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TikToker goes viral for calling out sexist dress codes: 'It's sickening'

TikToker goes viral for calling out sexist dress codes: 'It's sickening'

Actor Nicole Ciravolo has become a TikTok sensation after her character Ms. Connie stuck up for a young girl's right to learn in the classroom, no matter what she was wearing.

Nicole Ciravolo is an actor, screenwriter, and a viral TikTok sensation. In two recent videos posted to the social media platform, she called out dress codes for being sexist as they disproportionately target girls—some of whom aren't even teens—and place an unfair burden on them for "distracting boys." In the clips, she plays the role of a school receptionist named Ms. Connie who is in charge of directing students to the principal when they are cited for dress code violations. When a "student," that is, the viewer (presumably a teenage girl), reaches her desk for one of those violations, she decides to phone up the teacher instead and give him an earful.

 



 

Among many other things, she calls out dress codes for being "sexist and misogynistic" but she also claims that the teacher, an adult man, is "a little bit creepy" for caring about "an underage girl" and how her shoulders are showing during a class wherein students were prepping for a test. Through this brilliant narrative, Ciravolo is also able to point out that girls miss out on time that they could be spending studying, learning, or doing classwork when they are sent to the principal's office for silly dress code violations. After all, when it's 95 degrees out, it's only fair that girls are allowed to be dressed comfortably, just as boys are. If the rules were applied equally, maybe schools would have some say in the matter, but more often than not, girls face the brunt of these rules.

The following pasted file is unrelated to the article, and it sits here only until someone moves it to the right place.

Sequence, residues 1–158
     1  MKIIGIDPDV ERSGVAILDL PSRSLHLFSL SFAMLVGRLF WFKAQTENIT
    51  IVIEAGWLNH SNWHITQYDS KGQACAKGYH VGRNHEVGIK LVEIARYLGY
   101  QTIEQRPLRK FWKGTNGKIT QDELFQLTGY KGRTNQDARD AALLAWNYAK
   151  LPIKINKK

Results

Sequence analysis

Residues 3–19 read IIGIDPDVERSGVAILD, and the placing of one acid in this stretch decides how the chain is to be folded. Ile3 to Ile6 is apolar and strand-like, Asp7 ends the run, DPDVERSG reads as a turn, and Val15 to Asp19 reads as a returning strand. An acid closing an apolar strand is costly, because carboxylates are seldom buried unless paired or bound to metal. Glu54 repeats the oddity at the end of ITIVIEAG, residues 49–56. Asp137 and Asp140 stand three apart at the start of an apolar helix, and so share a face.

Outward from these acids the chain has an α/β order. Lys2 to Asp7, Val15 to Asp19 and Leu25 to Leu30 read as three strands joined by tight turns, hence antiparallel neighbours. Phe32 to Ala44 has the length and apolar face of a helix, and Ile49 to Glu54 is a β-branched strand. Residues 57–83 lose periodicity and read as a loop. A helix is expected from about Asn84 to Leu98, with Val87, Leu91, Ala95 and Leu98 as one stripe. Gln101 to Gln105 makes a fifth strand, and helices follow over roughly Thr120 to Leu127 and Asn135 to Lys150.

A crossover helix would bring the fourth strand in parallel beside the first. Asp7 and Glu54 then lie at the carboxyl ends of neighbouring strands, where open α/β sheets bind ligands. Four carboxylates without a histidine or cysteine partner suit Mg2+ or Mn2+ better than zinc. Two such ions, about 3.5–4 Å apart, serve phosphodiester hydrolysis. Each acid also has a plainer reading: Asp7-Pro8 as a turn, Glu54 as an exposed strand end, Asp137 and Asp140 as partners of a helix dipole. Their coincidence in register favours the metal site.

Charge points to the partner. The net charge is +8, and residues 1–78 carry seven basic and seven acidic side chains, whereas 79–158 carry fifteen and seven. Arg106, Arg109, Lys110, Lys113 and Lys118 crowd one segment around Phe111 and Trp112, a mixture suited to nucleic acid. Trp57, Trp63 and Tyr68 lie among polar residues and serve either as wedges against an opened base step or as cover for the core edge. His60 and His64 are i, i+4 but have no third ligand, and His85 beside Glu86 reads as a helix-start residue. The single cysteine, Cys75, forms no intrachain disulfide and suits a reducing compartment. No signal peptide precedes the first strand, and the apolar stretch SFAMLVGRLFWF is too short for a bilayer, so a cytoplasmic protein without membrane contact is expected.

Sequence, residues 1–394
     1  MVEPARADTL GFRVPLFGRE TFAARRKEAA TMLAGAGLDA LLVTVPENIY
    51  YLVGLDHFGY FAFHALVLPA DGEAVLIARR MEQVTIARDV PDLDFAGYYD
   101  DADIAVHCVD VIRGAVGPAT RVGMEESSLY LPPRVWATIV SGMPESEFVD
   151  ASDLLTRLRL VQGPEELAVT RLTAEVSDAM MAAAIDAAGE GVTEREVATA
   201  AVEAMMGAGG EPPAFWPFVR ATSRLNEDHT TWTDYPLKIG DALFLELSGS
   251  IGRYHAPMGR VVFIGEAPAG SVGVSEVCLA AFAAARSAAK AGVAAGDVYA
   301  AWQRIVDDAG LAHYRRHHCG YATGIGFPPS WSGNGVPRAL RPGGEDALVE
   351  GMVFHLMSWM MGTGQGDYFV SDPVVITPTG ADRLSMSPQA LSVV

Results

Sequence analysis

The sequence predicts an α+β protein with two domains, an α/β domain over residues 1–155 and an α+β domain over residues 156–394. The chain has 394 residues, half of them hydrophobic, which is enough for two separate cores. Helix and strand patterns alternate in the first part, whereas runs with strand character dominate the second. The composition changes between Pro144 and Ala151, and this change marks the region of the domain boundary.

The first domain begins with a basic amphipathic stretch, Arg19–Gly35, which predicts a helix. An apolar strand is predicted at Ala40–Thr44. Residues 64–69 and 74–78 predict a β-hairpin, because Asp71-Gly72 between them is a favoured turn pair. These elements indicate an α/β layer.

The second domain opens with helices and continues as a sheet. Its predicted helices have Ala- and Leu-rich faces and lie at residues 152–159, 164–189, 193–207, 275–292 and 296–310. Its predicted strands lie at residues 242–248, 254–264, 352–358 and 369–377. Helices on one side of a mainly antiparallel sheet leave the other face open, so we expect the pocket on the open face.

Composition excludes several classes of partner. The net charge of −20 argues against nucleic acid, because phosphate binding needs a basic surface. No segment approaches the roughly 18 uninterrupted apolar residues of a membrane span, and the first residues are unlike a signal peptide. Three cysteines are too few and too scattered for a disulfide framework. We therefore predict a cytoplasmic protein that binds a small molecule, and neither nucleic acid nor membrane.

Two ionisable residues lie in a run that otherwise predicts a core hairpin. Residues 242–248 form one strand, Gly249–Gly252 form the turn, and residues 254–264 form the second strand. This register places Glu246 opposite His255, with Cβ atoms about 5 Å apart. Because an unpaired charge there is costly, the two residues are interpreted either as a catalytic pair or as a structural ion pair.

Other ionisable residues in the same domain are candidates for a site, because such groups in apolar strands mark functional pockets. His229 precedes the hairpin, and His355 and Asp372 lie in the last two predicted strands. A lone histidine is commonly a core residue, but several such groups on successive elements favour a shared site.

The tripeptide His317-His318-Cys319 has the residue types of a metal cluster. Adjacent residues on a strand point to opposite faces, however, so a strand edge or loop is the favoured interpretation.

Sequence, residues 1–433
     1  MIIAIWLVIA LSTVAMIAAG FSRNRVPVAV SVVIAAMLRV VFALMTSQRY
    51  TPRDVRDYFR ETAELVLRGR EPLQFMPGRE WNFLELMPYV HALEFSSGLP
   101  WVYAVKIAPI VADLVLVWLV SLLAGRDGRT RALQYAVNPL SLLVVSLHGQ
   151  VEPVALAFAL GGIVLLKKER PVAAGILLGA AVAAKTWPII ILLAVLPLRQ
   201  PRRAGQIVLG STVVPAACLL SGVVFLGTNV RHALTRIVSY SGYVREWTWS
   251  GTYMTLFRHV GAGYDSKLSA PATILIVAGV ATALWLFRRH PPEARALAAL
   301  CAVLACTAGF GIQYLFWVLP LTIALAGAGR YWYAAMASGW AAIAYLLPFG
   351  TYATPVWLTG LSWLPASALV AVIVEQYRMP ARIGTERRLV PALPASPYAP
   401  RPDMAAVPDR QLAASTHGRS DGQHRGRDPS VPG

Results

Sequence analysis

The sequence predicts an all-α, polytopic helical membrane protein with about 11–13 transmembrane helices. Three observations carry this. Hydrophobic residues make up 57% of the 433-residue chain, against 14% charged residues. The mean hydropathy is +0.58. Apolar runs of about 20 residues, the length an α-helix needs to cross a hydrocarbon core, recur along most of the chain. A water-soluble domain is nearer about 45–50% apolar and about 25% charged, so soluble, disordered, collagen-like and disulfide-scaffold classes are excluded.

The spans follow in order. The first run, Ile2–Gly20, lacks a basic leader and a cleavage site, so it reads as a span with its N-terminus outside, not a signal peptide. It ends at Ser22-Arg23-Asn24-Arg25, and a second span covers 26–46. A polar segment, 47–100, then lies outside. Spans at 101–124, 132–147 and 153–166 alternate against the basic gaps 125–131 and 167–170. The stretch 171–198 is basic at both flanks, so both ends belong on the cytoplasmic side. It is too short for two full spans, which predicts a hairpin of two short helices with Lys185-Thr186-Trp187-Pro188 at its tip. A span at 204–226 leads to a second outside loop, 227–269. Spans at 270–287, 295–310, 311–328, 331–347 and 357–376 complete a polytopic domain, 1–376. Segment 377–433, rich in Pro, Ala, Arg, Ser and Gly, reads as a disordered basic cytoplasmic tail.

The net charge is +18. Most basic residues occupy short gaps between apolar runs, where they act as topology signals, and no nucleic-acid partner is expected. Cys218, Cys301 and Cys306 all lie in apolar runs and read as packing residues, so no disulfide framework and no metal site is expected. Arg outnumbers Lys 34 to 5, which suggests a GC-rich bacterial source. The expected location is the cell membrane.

In an interview, Ciravolo shared what motivated her to film the TikTok video in the first place. "I was mostly inspired by the treatment I received as a high school student from faculty when it came to dress code," she said. "I often felt shamed by [women] faculty and sexualized by [men] faculty. I wanted to create a character that I wish I’d had in school because I never felt like anyone was in my corner—and that’s what Ms. Connie has become. I never in a million years would have expected it to blow up like it did, but I’m not surprised that many people relate to wishing there was someone in power on their side in school." However, just as the actor had experienced such incidents, other girls had too.

 



 

She claimed that dress codes were created not for students, but for the benefit of faculty. She explained, "They often have elements of racism and sexism disguised as ‘professional’ (i.e. sagging pants or no bra straps showing). In my own experience, skirt/shorts length or bra straps don’t distract other students but instead the teachers. It’s sickening to think back to being a 15-year-old minor and getting sent to the office by a man in his 60s because my shorts made him uncomfortable. Those types of people should not be teaching minors." Dress codes are problematic for several more reasons, such as propagating the male gaze (which tells young girls that their bodies must always be seen through the eyes of straight men) and cis-heteronormativity (assuming that all boys would be "attracted" to girls because everyone is straight). Ciravolo's videos have resonated with young girls and women everywhere. While things may not change anytime soon, we can all at least envision better school experiences through her narratives.

 



 

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